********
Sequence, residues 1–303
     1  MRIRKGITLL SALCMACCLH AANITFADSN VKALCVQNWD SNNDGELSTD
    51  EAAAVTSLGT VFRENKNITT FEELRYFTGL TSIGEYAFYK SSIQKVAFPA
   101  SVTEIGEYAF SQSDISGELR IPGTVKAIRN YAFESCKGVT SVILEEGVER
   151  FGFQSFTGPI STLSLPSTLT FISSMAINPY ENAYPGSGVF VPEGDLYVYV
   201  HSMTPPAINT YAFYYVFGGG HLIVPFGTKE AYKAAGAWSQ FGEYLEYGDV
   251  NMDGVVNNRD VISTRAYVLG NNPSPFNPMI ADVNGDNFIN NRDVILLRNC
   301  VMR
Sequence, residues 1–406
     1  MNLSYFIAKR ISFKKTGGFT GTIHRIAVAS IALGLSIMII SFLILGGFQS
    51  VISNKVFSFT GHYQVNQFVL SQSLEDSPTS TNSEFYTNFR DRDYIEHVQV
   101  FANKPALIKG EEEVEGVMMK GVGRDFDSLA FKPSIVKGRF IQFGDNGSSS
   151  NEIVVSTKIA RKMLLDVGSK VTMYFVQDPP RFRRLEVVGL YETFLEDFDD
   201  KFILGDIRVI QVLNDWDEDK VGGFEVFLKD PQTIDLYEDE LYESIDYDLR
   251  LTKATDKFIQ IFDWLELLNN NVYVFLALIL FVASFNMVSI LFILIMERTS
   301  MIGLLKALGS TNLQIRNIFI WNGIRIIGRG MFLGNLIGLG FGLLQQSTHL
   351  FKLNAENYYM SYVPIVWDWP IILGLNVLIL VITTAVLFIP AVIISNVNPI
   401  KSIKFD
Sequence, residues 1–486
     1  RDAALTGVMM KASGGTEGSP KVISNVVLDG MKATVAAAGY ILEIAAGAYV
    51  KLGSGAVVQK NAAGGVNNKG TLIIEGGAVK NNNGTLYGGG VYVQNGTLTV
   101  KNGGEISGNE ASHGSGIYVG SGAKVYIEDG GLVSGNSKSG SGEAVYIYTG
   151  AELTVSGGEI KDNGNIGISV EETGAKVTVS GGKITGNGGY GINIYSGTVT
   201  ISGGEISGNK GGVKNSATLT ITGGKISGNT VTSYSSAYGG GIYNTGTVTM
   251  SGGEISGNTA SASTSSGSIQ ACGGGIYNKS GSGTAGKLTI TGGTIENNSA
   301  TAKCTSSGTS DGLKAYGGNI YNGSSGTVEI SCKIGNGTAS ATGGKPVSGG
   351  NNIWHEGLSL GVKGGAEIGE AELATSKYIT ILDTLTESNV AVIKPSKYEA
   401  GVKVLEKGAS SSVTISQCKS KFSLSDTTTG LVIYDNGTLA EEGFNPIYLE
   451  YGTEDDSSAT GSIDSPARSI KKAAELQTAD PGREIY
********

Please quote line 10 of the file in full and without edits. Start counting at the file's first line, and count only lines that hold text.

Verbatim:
     1  MNLSYFIAKR ISFKKTGGFT GTIHRIAVAS IALGLSIMII SFLILGGFQS